NIH Research: A Q&A with Walter J. Koroshetz, M.D., Deputy Director, National Institute of Neurological Disorders and Stroke
Dr. Walter J. Koroshetz is deputy director of the National Institute of Neurological Disorders and Stroke (NINDS). Formerly a professor of neurology at Harvard Medical School, he served as vice chair of neurology service and director of stroke and neurointensive care services at Massachusetts General Hospital. He is a long-standing member of the Brain Attack Coalition (BAC), a group of organizations working to reduce the occurrence of and disabilities and death associated with stroke. Dr. Koroshetz recently talked with NIH MedlinePlus magazine about how people can better protect themselves against stroke and about some of the latest advances in stroke research.
How serious a problem is stroke?
Stroke is very common. It can be devastating. Each year some 750,000 Americans—even young people—suffer injury from stroke. The good news is that a person's annual risk of stroke is down 70 percent since the 1950s and is still declining. But since people are living much longer now, stroke remains a serious problem. As age rises, so does the incidence of stroke. As many as 40 percent of people 80 years or older show signs of "silent" stroke on magnetic resonance imaging (MRI) scans.
What is the major cause of stroke?
High blood pressure—hypertension—is the number one, two, and three cause of stroke! It's the driver of wear and tear on the heart and the blood vessels. There are two types of stroke: hemorrhagic, when a blood vessel bursts in the brain, and ischemic, when a blood vessel in the brain becomes blocked (most often by a clot or hardening of the arteries), reducing blood supply. In both cases, brain tissue dies and functions cease, such as the ability to speak, walk, or think normally.
What can people do about stroke?
People can reduce their risk of stroke. The most important thing is prevention. To keep from having a stroke, work hard on keeping blood pressure normal. Other risk factors to guard against include being overweight, not getting enough exercise, and not eating enough fruits and vegetables. So lose weight, exercise, and maintain a balanced, healthy diet.
For example, a recent study has shown the Mediterranean diet to be extremely effective in reducing the chances of stroke and heart attack. It is high in olive oil, fish, vegetables, fruits, nuts, and whole grains. And very low in red meat and dairy products.
It's the lifestyle changes that go into reducing stroke risk. Stroke can be prevented, but starting when you're 60 may not be soon enough.
Why is it important to get medical help quickly when a stroke is occurring?
The needle moves more rapidly with a stroke than a heart attack. Brain damage occurs very quickly, usually over minutes to hours. So it's a question of whether an intervention can successfully prevent the brain tissue from dying. That is why it is extremely important to get people to the hospital as quickly as possible to begin treatment.
In instances of hemorrhagic strokes, where blood just explodes around the surface of the brain, there has to be emergency treatment to prevent devastating brain damage. For ischemic strokes, drug therapy must begin as soon as possible to dissolve the obstructing clot, return blood flow, and reduce permanent disability. Minutes count!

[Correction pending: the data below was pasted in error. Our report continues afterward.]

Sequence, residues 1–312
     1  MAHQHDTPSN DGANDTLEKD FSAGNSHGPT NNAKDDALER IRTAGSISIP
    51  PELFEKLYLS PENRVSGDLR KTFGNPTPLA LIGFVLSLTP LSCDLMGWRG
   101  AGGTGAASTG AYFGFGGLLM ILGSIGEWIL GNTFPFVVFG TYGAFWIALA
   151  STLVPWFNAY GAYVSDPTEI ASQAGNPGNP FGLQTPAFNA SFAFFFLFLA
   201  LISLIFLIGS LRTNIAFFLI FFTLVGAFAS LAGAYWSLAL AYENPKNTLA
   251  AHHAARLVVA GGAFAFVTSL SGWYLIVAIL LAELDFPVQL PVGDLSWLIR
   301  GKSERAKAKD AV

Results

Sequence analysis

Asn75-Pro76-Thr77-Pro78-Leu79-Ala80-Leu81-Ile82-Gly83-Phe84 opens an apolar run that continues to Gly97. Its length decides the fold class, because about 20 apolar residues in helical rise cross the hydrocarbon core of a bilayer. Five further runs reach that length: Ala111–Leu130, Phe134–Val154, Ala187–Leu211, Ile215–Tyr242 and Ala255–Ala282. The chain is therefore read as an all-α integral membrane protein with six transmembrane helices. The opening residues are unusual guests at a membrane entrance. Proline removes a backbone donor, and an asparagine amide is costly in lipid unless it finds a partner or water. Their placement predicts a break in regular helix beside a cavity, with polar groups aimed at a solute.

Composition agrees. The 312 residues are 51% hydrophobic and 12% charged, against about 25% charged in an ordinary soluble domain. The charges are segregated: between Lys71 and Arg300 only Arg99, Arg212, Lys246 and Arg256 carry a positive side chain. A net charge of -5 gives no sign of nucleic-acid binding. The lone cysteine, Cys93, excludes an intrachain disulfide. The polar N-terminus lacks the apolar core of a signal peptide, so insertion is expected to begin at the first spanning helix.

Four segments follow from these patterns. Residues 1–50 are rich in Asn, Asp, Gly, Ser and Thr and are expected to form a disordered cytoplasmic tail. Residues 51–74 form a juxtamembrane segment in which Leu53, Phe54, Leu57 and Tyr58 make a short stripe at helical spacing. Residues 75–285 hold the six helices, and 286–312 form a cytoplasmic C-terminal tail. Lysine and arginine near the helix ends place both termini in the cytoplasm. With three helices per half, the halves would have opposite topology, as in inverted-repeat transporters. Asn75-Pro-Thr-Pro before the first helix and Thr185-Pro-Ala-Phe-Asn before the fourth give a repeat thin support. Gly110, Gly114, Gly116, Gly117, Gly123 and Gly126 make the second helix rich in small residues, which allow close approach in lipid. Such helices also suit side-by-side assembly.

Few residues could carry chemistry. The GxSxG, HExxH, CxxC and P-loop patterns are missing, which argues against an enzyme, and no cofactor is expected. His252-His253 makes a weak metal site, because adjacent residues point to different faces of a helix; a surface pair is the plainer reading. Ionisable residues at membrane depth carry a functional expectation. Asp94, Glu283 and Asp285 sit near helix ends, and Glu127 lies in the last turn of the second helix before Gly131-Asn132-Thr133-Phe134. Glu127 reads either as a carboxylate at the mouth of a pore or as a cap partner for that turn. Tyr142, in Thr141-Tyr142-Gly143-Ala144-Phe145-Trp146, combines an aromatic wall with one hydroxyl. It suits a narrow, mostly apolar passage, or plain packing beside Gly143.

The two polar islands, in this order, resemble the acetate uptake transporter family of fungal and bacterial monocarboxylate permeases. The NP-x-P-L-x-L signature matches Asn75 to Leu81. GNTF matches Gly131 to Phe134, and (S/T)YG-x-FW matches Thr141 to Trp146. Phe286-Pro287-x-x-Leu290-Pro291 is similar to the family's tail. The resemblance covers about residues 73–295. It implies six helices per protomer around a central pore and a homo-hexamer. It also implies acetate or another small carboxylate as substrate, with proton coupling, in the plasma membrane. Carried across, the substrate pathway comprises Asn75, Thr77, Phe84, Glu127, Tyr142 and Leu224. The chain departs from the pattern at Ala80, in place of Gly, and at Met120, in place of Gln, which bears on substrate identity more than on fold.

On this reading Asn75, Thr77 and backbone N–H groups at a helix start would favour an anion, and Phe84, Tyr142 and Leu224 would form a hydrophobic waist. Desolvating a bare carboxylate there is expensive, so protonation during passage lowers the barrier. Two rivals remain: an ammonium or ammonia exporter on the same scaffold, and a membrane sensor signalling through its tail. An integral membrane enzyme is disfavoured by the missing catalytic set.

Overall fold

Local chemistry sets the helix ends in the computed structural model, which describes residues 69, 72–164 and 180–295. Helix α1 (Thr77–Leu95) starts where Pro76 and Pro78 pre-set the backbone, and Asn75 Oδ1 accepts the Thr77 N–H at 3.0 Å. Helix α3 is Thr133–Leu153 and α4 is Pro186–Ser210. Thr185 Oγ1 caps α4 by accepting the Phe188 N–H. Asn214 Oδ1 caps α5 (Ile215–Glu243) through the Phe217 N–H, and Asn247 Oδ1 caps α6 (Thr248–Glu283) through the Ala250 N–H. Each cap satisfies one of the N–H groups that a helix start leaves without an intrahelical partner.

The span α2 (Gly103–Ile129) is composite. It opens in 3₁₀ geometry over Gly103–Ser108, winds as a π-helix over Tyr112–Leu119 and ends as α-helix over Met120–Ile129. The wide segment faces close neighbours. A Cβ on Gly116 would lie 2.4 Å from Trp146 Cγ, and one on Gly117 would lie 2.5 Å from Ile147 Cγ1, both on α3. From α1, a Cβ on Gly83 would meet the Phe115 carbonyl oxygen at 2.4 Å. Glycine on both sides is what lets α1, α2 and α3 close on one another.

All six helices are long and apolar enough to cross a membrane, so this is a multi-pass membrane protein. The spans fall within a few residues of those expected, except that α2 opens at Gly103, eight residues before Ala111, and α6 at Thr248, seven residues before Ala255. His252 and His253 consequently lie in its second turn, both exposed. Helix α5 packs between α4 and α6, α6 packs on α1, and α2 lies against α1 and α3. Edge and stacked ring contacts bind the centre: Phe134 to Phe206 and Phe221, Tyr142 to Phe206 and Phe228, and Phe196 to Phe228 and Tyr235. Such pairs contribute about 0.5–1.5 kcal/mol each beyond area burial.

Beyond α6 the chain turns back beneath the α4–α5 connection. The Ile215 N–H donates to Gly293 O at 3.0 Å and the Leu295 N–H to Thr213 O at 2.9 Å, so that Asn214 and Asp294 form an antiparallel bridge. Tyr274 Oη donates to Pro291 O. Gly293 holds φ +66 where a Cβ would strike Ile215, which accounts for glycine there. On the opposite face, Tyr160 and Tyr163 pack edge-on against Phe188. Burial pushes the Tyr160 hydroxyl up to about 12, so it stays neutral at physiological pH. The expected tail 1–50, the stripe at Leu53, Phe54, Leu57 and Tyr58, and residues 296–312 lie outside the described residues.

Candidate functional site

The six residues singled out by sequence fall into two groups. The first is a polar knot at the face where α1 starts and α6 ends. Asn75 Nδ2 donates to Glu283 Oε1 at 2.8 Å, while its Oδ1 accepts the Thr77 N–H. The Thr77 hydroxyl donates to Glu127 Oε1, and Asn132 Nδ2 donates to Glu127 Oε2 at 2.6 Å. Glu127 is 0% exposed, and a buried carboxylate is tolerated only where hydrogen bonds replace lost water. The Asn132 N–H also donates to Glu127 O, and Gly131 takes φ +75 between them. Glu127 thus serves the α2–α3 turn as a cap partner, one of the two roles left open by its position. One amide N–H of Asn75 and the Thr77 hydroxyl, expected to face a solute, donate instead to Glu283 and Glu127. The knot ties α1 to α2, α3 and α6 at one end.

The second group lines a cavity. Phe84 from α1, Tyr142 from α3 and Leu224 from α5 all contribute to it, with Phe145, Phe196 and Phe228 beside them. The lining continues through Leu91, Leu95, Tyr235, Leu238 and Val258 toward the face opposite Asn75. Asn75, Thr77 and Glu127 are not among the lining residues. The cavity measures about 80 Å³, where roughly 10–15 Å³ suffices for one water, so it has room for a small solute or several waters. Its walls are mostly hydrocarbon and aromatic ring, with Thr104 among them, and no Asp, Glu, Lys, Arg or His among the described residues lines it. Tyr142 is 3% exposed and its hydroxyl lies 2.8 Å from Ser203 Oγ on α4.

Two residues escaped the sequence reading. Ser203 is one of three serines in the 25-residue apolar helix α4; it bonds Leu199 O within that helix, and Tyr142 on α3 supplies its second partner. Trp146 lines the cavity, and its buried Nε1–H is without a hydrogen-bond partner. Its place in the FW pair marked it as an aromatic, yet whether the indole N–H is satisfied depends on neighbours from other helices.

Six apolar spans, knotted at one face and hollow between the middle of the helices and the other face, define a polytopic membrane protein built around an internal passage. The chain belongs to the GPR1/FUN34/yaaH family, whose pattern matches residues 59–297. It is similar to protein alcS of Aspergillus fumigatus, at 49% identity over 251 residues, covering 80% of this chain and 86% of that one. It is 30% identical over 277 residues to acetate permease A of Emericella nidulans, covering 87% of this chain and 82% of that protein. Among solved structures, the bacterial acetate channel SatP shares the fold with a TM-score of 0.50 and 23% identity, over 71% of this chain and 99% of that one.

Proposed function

Where is some of the emphasis these days in prevention and treatment?
In the area of prevention, there is a big push to better understand vascular cognitive impairment—the wear and tear on the small vessels from age and hypertension that cause "silent strokes" and what is called "diffuse white matter disease" in areas of the brain where MRIs show structural changes in up to 80 percent of elderly patients. Both stroke and white matter disease are risk factors for dementia. The more we can understand the basic biology of the aging brain—how blood vessel changes interact with the biology of Alzheimer's disease, for example—the better able we'll be to someday prevent dementia. NINDS and the National Institute on Aging, in particular, are at the center of such research.
On the acute treatment side, tPA (tissue plasminogen activator) remains the only drug approved for the acute treatment of ischemic stroke by the Food and Drug Administration. It is given through a vein. We need to develop newer, safer intravenous drugs, as well as devices that can be inserted into the blocked artery to more quickly and effectively return blood flow to the brain.
Researchers are also looking at ways to slow the time it takes for the brain to die. For example, hypothermia—deep cooling that is known to slow all biologic processes—is a possibility. If we can discover a way to slow the dying process in the brain after stroke, then a great many more people could benefit from treatments that repair the blood vessel.
How about people living with the effects of stroke? Is there anything new for them?
Thankfully, there are now assistive devices, such as self-propelled automated wheelchairs, that permit independent movement. Current research also suggests that thought-controlled robotic arms may someday help patients who have suffered severe strokes. (See "Progress for the Paralyzed") Such devices could be game changers, the result of continuing research to map the brain and interface it with a computer to enable stroke patients to regain function.
How important is the new effort to map the human brain?
The brain is more complex than any computer ever built, its computational energy and power just enormous. We are in the early stages of understanding—of mapping—what the different areas of the brain do and how they work together to enable complex functions, such as speaking or moving your fingers. Often, when one part of the brain dies, another part takes over its function. This is called neuroplasticity. In brain mapping, we are trying to understand how that plasticity happens. That's the key to recovery.